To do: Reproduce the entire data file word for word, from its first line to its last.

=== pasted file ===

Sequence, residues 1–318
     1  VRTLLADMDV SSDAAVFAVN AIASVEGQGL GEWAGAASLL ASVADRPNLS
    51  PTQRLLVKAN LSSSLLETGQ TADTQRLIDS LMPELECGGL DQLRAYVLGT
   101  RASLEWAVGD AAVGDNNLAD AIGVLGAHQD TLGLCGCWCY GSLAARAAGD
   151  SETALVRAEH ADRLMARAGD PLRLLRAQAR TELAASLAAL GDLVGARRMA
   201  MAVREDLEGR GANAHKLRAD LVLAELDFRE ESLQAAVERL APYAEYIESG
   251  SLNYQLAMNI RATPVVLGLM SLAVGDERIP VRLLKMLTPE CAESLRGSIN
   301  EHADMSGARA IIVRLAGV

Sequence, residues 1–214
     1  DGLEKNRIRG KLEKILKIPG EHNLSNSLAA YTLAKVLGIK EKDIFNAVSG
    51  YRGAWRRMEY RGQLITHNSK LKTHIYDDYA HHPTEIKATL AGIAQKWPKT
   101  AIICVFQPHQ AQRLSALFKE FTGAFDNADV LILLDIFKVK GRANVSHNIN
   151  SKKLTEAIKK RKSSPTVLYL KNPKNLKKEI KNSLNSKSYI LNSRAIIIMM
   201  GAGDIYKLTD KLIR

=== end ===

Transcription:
Sequence, residues 1–318
     1  VRTLLADMDV SSDAAVFAVN AIASVEGQGL GEWAGAASLL ASVADRPNLS
    51  PTQRLLVKAN LSSSLLETGQ TADTQRLIDS LMPELECGGL DQLRAYVLGT
   101  RASLEWAVGD AAVGDNNLAD AIGVLGAHQD TLGLCGCWCY GSLAARAAGD
   151  SETALVRAEH ADRLMARAGD PLRLLRAQAR TELAASLAAL GDLVGARRMA
   201  MAVREDLEGR GANAHKLRAD LVLAELDFRE ESLQAAVERL APYAEYIESG
   251  SLNYQLAMNI RATPVVLGLM SLAVGDERIP VRLLKMLTPE CAESLRGSIN
   301  EHADMSGARA IIVRLAGV

Sequence, residues 1–214
     1  DGLEKNRIRG KLEKILKIPG EHNLSNSLAA YTLAKVLGIK EKDIFNAVSG
    51  YRGAWRRMEY RGQLITHNSK LKTHIYDDYA HHPTEIKATL AGIAQKWPKT
   101  AIICVFQPHQ AQRLSALFKE FTGAFDNADV LILLDIFKVK GRANVSHNIN
   151  SKKLTEAIKK RKSSPTVLYL KNPKNLKKEI KNSLNSKSYI LNSRAIIIMM
   201  GAGDIYKLTD KLIR